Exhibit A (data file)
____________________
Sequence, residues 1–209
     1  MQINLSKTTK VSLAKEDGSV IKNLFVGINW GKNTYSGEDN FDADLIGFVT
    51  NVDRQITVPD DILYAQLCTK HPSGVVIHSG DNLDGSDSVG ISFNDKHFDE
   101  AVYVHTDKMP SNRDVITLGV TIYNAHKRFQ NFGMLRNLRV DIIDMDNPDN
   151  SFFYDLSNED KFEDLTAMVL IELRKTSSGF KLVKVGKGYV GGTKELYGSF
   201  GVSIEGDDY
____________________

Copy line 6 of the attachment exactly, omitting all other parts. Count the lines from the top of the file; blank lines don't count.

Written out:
   201  GVSIEGDDY